Tag Archives: Becky Stern

Rewind: Oh. My. God. Becky, look at those wearables…

From GPS logging dog harnesses to MIDI drumming gloves, Adafruit’s Director of Wearable Electronics Becky Stern has unveiled some pretty wonderful wearable projects over the past couple of months. So much so that we’ve decided to pay homage to the LED-lovin’, gadget-glowin’ Maker by showcasing several of our favorites.

While the inherent versatility of Atmel’s MCUs have made our silicon a favorite amongst engineers for next-gen smart devices, evident by Becky’s latest designs, they have also increasingly emerged as the go-to choice for Makers creating DIY wearables.

Interior Purse Lights


Never fumble through your purse in the dark again, thanks to this fashionable yet practical innovation. The project makes use of Adafruit’s GEMMA Sequin Starter Pack (ATtiny85), conductive thread and conductive hook and loop tape.

NeoPixel Punk Collar


Punk meets goth in this one-of-a-kind cybergothpunk creation — a leather collar studded with five color-changing NeoPixels. The project is powered by the ATtiny85 based GEMMA platform — which can also be substituted by a Trinket — and will surely make you the life of any party!

Cyberpunk Spikes


As we continue to delve deep into cyberpunk territory, check out these slick 3D-printed spikes! Add these bright spikes — which uses a NeoPixel strip diffused by NinjaFlex 3D printing filament — to any ensemble. This project again employs a GEMMA microcontroller that animates the LEDs.

NeoPixel Ring Bracelet


Sure, you can catch the attention of onlookers with the latest smartwatch or fashionable jewelry, but how about adorning your wrist with an eye-popping bracelet instead? Passerby won’t help but stare at the various light patterns displayed on this nifty DIY bracelet, which boasts set of four NeoPixel rings along with the tiny GEMMA.

Tank Girl Goes Cyberpunk


Whether you’re a fan of the 1995 American sci-fi flick Tank Girl or not, you will surely appreciate Becky’s 3D-printed, LED-embedded Bandolier of Light. Similar to the aforementioned cyberpunk spikes, this unique getup is comprised of NinjaFlex filament, some NeoPixels, and of course, an tinyAVR driven GEMMA.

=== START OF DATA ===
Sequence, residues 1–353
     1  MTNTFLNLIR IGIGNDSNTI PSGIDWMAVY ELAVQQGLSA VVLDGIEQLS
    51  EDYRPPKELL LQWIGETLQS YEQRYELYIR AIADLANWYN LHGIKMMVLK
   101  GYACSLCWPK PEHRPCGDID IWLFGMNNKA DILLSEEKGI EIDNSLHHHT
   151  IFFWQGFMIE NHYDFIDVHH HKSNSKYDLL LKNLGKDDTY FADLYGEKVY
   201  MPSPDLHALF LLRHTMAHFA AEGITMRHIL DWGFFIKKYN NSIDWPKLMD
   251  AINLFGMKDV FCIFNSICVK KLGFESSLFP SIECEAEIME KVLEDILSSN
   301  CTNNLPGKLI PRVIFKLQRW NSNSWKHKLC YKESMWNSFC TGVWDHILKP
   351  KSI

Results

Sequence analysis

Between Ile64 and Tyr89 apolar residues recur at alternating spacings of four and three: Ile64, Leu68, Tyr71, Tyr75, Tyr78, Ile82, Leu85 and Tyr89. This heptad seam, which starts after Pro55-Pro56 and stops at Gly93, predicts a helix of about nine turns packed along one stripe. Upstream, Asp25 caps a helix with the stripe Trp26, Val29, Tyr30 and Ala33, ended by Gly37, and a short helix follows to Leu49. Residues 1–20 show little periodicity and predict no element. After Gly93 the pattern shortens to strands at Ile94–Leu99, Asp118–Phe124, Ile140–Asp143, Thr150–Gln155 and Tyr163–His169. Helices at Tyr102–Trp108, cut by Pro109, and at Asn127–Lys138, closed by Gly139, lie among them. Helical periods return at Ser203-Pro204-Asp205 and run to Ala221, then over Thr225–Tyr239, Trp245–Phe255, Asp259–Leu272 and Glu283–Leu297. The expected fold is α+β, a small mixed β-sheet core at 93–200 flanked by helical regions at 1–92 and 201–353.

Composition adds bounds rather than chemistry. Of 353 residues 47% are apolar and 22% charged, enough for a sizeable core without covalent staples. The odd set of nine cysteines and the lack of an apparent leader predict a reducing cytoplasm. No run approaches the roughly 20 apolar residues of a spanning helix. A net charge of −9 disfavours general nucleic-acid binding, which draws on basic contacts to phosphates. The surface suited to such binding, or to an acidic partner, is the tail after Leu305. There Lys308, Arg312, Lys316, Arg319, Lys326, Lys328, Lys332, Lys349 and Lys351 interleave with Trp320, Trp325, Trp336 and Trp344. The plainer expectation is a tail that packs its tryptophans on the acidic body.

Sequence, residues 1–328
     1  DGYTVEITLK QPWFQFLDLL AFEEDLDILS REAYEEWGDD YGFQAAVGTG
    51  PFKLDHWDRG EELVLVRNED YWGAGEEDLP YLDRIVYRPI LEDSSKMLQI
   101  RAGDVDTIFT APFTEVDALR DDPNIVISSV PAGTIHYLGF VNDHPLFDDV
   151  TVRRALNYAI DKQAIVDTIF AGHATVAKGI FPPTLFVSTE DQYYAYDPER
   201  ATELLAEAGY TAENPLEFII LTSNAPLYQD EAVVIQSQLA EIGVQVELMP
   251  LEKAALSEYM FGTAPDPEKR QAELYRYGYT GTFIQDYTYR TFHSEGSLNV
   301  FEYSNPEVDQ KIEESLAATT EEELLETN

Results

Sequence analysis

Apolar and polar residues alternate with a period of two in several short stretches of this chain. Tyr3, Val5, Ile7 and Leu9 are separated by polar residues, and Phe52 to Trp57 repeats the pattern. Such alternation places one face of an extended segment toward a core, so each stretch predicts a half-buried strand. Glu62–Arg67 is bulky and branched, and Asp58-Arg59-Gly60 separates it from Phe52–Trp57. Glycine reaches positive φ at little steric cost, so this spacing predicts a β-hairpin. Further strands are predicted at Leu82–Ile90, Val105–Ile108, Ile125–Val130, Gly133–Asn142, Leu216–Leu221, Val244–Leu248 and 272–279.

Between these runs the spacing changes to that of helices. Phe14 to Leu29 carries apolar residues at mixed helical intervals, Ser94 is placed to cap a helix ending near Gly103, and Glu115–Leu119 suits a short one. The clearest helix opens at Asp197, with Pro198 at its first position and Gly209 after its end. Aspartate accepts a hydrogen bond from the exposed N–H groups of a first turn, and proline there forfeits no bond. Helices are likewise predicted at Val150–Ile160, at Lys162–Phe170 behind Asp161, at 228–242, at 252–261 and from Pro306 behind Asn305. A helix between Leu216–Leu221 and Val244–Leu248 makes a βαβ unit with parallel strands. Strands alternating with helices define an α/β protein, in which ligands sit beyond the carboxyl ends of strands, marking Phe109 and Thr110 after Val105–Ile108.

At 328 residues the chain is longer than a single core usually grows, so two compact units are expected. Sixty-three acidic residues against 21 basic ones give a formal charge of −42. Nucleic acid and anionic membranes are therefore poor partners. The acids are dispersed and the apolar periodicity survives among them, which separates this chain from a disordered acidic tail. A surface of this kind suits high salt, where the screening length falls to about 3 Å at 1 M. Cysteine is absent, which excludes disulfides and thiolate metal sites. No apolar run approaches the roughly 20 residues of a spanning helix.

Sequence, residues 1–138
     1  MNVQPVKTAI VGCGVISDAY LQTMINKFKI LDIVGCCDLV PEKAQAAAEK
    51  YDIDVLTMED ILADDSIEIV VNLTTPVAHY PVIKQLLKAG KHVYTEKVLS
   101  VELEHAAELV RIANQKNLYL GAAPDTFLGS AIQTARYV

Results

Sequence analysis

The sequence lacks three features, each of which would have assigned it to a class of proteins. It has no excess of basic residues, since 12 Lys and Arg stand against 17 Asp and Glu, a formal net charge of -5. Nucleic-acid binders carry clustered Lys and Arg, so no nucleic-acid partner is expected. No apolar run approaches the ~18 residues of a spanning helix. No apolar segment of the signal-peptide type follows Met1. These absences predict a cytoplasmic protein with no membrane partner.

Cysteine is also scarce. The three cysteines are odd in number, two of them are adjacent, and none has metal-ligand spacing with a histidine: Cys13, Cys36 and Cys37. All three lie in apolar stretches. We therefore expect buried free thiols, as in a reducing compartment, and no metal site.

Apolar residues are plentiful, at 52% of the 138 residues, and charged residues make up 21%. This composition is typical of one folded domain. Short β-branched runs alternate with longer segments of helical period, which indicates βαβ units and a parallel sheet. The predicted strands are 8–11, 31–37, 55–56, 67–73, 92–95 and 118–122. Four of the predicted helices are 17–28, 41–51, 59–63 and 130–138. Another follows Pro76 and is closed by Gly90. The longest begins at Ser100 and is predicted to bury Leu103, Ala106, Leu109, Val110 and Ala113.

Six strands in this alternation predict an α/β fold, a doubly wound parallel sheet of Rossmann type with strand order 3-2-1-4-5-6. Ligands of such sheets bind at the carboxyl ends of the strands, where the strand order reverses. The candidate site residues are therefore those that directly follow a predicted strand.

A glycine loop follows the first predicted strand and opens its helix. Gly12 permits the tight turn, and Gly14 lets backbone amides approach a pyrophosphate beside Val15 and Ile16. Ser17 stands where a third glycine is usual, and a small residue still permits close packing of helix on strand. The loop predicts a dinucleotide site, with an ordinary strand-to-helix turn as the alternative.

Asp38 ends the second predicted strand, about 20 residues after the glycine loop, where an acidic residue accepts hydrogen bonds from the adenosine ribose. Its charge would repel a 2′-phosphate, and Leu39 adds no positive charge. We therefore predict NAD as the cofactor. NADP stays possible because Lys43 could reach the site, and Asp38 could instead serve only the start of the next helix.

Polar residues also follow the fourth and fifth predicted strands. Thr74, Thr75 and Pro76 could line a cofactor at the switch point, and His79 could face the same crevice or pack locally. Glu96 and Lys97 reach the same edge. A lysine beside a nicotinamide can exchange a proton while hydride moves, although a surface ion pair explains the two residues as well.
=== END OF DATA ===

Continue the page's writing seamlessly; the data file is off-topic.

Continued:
Laser Dog Goggles


What would a bright night on the town be without an appropriate getup of man’s best companion. Here, Becky transformed once-ordinary Doggles into a paw-some pair of cyberpunk-style glasses with a rotating laser. Using a Trinket 3v MCU (ATtiny85), a set of clear dog goggles and a laser diode as the center of the device, this invention will surely be a hit on the scene.

Light-Activated Pixel Heart


Talk about wearing your heart on your sleeve, or in this case, shirt. The embedded GEMMA and light dependent resistor detect when a wearer’s NeoPixel heart is uncovered, and just like that, triggers the heart light on.

Superhero Power Plant


If there’s one thing you should know when it comes to Makers and DIY wearables, it’s that we love Iron Man! Incorporate a Tony Stark-inspired arc reactor into your next Comic Con cosplay costume with an uber-small GEMMA, laser cut acrylic frame, and NeoPixels to round out the handheld power plant.

Firewalker LED Sneakers


Think of it as a DIY version of those old-school LA Lights you wore as kids, only cooler. And, much brighter. Cheaper, too! This project — a collaboration between Becky and the creative Phillip Burgess — shows just how easy it is to mod a pair of high-tops with a NeoPixel strip and FLORA (ATmega32u4 MCU). A velostat step sensor inside each shoe activate a light animation with every step taken in these new DIY kicks.

LED Sparkle Skirt


Add a simple sparkle to your skirt or other piece of attire using a [megaAVR basedFLORA controller and accelerometer, conductive thread, and RGB NeoPixels.

Plushy Game Controller


Throw pillows? That’s boring. An oversize plush pillow that functions as a game controller? Now we’re talking! This idea was brought to life with just some conductive fabric, a FLORA board, and a capacitive touch sensing circuit to round out the electronics.

Wearable GPS Tracker


Make a wearable GPS tracker for you, or even your furry friend. Use an ATmega32U4 powered FLORA main board and GPS to log your distance. Simply integrate it into a backpack, dog harness, or whatever you want to track for that matter.

Pac-Man Animated Pixel Suspenders


This set of “blinken-braces” boasts 30 NeoPixels, each of which are sewn to these suspenders and controlled by a FLORA board running a dazzling Pac-Man inspired animation.

MIDI Drum Glove


Look like Michael, keep the beat like Iggy. Play your favorite synths by finger drumming! Stitch up four piezos into a glove and use a FLORA to transmit signals to your favorite music-making software.